Gait analysis for therapy regimen prescription and monitoring requires patients to physically access clinics with specialized equipment. The timely availability of such infrastructure at the right frequency is especially important for small children. Besides being very costly, this is a challenge for many children living in rural areas.
We developed a low-cost, portable, and automated approach for in-home gait analysis, based on the Microsoft Kinect.
Following the West Virginia University Institutional Review Board approval, 25 child subjects (15 females and 10 males) were recruited to participe in a data collection study. Those were healthy children with no known gait abnormalities. The setup of the GAITRite and two Kinect sensors is depicted in the following figure:
A sample from our dataset:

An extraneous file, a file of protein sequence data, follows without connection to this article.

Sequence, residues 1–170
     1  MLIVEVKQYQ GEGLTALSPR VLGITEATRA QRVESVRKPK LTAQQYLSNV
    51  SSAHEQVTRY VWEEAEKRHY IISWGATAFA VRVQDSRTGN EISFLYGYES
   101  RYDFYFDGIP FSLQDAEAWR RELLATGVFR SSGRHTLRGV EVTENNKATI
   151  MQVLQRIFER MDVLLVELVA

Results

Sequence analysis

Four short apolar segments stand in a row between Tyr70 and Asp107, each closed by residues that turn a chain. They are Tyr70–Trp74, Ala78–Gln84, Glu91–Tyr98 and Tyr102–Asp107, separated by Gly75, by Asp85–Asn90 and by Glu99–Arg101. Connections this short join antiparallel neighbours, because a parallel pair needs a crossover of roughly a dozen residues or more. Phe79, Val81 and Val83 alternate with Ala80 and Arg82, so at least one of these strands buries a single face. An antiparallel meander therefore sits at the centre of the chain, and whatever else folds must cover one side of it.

A robust and efficient method for extracting gait parameters is introduced, which copes with the high variability of noisy Kinect skeleton tracking data experienced across the population of young children. This is achieved by temporally segmenting the data with an approach based on coupling a probabilistic matching of stride template models, learned offline, with the estimation of their global and local temporal scaling. A preliminary study conducted on healthy children between 2 and 4 years of age is performed to analyze the accuracy, precision, repeatability, and concurrent validity of the proposed method against the GAITRite when measuring several spatial and temporal children’s gait parameters.
The method has excellent accuracy and good precision, with segmenting temporal sequences of body joint locations into stride and step cycles. Also, the spatial and temporal gait parameters, estimated automatically, exhibit good concurrent validity with those provided by the GAITRite, as well as very good repeatability. In particular, on a range of nine gait parameters, the relative and absolute agreements were found to be good and excellent, and the overall agreements were found to be good and moderate.